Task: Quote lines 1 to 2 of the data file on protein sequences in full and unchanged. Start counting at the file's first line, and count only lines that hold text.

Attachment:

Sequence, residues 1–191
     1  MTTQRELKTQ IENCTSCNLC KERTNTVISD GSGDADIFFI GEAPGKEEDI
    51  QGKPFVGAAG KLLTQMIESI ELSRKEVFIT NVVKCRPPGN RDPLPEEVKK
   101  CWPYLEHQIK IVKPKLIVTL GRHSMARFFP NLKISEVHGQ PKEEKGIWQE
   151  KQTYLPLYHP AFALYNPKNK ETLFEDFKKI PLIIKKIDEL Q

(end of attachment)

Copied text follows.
Sequence, residues 1–191
     1  MTTQRELKTQ IENCTSCNLC KERTNTVISD GSGDADIFFI GEAPGKEEDI